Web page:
A statute of limitations is a law that prevents claimants from pursuing cases after a certain amount of time. This means you might not be able to file a claim if a particular date has passed. Take a look at how these statutes apply in personal injury law and what you need to do to avoid having trouble with them.
How Long Do You Have to File a Claim?
Most states generally apply a statute of limitations of between two and three years. The clock usually starts from the time of an incident. Even if you're not sure you're going to file a claim, you should ask a personal injury attorney for a consultation so you can learn what the statute is where the accident happened.
Notably, some states also have laws that shorten the statute when the defendant is a government agency, employee, contractor, or designee. Yes, the government gives you less time to file a claim against it so you'll probably have to hurry up.
Many states also carve out some exceptions, and these often involve cases that only emerge over time. For example, it's normal for the clock to start once you identify repetitive motion injuries. A similar attitude is common in cases involving chemical, biological, or radiological exposure. Child sexual abuse survivors are also frequently afforded longer or unlimited statutes that only kick in once they reach adulthood.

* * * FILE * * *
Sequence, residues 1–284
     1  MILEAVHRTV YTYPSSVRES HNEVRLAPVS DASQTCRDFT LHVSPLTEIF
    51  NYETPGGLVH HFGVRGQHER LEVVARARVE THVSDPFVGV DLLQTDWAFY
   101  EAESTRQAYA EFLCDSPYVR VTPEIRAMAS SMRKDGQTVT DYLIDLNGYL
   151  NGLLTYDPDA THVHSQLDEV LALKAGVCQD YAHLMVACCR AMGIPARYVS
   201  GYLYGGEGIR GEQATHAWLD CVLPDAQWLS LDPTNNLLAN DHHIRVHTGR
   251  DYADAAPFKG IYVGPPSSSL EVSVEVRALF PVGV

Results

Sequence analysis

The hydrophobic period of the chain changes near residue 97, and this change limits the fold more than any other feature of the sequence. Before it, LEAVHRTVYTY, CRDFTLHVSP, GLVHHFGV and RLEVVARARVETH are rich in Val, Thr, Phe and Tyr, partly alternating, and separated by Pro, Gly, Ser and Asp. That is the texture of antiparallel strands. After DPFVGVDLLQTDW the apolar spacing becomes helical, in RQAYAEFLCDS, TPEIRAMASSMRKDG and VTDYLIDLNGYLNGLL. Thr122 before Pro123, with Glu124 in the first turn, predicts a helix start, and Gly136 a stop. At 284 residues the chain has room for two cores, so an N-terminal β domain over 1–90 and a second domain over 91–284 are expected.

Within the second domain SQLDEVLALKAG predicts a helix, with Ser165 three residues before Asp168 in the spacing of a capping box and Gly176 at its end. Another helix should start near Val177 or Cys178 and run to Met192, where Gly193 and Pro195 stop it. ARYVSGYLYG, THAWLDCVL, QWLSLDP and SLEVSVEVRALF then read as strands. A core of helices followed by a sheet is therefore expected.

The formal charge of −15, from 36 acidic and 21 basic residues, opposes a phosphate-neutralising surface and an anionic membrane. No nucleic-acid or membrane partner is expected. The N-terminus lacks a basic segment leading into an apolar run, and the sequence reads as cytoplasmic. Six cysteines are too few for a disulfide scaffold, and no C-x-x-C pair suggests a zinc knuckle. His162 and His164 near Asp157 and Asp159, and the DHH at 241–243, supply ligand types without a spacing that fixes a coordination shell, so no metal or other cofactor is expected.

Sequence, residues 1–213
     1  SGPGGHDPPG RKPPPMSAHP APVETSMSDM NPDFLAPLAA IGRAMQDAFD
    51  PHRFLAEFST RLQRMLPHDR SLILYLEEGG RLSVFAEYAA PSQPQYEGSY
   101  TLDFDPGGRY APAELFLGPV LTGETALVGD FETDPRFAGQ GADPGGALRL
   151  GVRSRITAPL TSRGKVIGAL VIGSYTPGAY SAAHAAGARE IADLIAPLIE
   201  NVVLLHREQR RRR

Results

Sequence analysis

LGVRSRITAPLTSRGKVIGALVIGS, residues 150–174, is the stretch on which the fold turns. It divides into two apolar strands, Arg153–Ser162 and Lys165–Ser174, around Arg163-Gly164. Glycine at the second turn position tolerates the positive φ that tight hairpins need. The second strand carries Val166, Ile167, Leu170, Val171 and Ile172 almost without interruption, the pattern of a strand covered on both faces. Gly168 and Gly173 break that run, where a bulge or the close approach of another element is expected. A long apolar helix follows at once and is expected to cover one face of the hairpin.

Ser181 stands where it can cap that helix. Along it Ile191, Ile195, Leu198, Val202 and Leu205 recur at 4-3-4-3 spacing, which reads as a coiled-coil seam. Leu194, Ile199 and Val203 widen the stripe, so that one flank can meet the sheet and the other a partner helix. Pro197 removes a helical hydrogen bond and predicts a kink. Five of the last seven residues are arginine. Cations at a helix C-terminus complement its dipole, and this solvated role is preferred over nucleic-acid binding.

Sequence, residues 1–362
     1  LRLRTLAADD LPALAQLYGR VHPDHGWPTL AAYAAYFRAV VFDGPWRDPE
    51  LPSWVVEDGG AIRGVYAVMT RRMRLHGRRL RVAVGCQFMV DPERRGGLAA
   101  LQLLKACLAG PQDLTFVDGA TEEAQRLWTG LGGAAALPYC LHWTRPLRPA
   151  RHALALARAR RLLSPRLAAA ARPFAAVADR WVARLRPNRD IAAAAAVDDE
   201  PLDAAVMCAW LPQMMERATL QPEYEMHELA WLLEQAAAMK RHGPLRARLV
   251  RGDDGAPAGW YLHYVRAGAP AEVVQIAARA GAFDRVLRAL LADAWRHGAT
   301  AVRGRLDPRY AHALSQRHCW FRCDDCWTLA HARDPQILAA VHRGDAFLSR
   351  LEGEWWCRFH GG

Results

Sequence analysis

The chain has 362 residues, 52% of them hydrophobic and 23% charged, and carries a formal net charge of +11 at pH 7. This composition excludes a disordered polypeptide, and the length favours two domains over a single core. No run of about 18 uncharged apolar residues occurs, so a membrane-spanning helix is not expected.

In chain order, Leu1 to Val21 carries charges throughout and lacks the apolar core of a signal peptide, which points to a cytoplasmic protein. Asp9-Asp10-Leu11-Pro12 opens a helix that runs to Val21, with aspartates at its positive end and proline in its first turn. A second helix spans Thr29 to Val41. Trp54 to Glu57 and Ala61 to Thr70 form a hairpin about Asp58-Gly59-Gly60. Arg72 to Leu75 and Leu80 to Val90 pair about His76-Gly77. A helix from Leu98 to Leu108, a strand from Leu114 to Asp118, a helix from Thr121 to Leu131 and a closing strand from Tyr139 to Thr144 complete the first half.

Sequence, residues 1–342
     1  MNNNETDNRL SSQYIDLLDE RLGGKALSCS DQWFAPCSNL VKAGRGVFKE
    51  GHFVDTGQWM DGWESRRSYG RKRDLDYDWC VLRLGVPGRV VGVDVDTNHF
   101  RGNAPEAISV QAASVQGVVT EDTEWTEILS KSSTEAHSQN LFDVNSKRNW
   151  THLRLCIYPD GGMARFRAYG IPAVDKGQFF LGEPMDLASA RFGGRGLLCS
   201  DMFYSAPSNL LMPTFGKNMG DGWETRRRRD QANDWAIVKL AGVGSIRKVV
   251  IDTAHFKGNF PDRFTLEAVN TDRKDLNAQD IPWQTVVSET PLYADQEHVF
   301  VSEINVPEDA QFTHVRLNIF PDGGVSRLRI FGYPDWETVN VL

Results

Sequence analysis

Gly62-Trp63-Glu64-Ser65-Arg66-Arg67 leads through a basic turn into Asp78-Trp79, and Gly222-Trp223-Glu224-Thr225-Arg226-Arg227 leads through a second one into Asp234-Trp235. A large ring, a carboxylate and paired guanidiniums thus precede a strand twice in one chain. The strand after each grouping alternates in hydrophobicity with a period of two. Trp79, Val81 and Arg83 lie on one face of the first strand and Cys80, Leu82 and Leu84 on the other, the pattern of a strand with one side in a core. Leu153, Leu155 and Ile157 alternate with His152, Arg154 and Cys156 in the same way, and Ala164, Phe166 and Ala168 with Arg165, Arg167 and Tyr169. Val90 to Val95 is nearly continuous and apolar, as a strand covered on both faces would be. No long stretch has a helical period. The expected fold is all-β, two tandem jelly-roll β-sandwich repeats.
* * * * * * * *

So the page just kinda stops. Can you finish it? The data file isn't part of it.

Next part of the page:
Should You File Right Away?
You should have a discussion about your case with a personal injury attorney as soon as possible. However, filing quickly runs some risks. In particular, there's a risk that you might settle the case before everything is known. For example, you might learn that the back trouble you've been experiencing is due to spinal or nerve damage rather than just a muscle injury. It's close to impossible to seek additional compensation once you've accepted an injury settlement. Consequently, you want to know as much as possible about your injuries and how well you're recovering before you sue.
Stopping the Clock
Under personal injury law, the clock on the statute stops once you've provided formal notice to the defendant that you intend to seek a claim or sue. You don't have to get everything wrapped up by then, but you should have an idea of what your monetary demand is going to be. It's also a good idea to be sure that you're going after the right defendant because this risks letting the statutory limit expire if you have to file again against someone else.
Learn more by contacting legal services like Shaevitz Shaevitz & Kotzamanis.